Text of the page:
Every year on the first Saturday after the 20th November old hard-line Francoists attend a religious ceremony at the monument in his memory, which is really a massive political rally, and this annual gathering of fascists is also an embarrassment to the government and to most of modern Spain.

We had read that the monument was closed but the gate was open so we swung inside anyway and pulled up beside the pay kiosk at the entrance where a middle aged lady explained that the monument wasn’t open and we should leave.  I followed some cars and drove on expecting to find a turning point but after a kilometre it was obvious there wasn’t one and the cars we were following were authorised to be there so I did a three point turn instead next to two vertical granite columns at either side of the road.

What we hadn’t known about was the significance of the 20th November and being only a week away this must have been making the people on the gate a bit nervous because as we drove down we passed the woman from the kiosk who was pursuing us in a red Seat and who waved frantically to us as we drove by.

Political rallies in celebration of the former dictator are now banned by the Law of Historical Memory, voted on by the Congress of Deputies in October 2007 and it seems that the authorities were anticipating extra trouble this year in response to the closure of the monument and back at the gate two burly guards were shaking their heads and giving disapproving grimaces.  I gave my best socialist smile and made pathetic gestures of apology but then left as quickly as possible and rejoined the road to El Escorial where we hoped we might be made to feel more welcome.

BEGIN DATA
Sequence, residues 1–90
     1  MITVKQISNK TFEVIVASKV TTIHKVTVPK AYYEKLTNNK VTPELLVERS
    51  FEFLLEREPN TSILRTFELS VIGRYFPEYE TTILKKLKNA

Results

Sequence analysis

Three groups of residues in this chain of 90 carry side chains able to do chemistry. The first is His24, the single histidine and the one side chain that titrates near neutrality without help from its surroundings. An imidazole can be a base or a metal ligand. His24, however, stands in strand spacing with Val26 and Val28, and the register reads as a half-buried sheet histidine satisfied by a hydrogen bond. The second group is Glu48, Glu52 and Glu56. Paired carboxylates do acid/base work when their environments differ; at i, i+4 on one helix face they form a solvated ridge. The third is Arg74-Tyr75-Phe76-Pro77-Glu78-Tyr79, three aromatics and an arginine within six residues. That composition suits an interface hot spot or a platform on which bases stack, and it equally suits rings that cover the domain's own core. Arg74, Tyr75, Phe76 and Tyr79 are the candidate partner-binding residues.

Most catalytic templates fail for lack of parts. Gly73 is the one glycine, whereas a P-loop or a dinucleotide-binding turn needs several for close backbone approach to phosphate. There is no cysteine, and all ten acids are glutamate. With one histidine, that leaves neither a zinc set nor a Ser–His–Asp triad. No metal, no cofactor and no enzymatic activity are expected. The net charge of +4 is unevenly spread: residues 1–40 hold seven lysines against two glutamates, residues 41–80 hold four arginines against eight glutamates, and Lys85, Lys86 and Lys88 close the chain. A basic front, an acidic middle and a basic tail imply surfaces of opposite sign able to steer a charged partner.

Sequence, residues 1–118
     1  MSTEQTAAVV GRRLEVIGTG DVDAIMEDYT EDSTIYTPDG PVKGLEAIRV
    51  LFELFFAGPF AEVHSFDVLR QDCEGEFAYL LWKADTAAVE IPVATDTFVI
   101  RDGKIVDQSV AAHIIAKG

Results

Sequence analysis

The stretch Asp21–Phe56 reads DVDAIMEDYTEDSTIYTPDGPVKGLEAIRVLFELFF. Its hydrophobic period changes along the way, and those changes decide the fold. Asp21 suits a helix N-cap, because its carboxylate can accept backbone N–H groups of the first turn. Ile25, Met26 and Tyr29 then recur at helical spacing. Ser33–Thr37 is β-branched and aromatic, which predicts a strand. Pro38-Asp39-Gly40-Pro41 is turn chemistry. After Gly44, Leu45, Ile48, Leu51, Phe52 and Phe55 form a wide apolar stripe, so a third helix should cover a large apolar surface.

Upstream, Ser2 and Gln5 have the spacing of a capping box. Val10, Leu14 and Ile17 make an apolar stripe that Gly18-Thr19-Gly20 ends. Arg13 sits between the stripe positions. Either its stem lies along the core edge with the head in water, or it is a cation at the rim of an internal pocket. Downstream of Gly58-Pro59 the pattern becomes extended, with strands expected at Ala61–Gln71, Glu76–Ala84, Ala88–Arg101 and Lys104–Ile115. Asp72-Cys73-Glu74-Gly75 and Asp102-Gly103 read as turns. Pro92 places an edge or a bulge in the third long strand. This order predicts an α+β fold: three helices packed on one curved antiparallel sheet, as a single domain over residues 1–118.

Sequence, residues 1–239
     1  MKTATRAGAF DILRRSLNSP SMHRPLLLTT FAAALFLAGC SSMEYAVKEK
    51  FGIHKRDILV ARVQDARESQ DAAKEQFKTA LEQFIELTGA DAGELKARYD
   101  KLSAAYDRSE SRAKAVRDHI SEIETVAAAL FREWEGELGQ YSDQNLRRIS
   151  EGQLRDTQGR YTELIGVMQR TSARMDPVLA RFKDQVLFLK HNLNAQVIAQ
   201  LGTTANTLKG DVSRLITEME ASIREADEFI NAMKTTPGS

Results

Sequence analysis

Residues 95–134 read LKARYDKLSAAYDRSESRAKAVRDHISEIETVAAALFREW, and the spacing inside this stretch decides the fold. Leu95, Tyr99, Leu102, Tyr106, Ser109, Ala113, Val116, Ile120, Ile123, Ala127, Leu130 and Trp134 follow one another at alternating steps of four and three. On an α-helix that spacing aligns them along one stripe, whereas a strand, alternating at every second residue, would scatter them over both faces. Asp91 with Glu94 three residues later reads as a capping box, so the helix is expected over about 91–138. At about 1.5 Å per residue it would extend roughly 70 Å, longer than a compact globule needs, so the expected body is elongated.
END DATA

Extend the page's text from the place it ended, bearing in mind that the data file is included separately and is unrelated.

The Reasons not to Trust politicians

At the start of the UK political party conference season it appears that there is nothing but bad news for Nick Clegg and the Liberal Democrats.

Should we be surprised?

In 2010 the UK electorate, tired of extreme politics and disillusioned by Labour (the lies of Blair and the incompetence of Brown) did something new and tried to break the mould of UK see-saw party politics.  The electorate knew that it wanted rid of Gordon Brown but it was not prepared to give the next prime minister an overwhelming endorsement. Across the whole country and across the political spectrum, in an uncoordinated electoral strategy they denied a majority to either party by transferring their votes to what they thought was the centre ground of politics – the Liberal Democrats.

The former Labour Prime Minister James Callaghan once said, ‘There are times, perhaps once every thirty years, when there is a sea change in politics. It then does not matter what you say or what you do. There is a shift in what the public wants and what it approves of.”

The UK electorate thought that Clegg was someone to trust and so they gave him and his party a unique opportunity to hold the balance of power, to prevent extremism, at least in the short term, and govern in the national interest.  This was the clear message from the electorate, surely no one could misinterpret it, they didn’t want to give outright power to any one party and they thought Clegg was the man to make this a reality.